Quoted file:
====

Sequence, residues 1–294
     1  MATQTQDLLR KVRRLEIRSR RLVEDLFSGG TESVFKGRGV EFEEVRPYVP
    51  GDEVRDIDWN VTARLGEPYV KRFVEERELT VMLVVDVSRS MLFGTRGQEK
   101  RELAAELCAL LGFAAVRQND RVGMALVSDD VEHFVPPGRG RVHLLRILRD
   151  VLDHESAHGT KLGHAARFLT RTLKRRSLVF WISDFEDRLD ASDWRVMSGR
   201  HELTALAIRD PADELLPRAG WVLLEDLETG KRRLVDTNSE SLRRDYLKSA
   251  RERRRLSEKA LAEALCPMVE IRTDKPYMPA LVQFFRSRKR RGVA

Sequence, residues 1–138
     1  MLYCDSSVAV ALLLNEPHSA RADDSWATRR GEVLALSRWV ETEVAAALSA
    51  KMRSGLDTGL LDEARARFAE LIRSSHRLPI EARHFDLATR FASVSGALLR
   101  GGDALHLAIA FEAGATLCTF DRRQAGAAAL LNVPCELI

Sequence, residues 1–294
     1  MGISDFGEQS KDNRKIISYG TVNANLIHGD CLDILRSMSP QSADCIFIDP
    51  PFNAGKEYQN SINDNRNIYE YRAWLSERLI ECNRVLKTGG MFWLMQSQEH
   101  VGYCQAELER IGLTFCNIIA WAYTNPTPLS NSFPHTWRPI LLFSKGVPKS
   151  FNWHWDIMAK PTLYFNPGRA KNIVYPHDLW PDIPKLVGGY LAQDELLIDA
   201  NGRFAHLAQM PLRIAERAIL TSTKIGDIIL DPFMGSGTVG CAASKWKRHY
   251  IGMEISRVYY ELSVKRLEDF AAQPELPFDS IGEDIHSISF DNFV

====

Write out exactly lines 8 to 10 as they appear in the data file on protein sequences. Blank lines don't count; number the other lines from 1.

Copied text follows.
Sequence, residues 1–138
     1  MLYCDSSVAV ALLLNEPHSA RADDSWATRR GEVLALSRWV ETEVAAALSA
    51  KMRSGLDTGL LDEARARFAE LIRSSHRLPI EARHFDLATR FASVSGALLR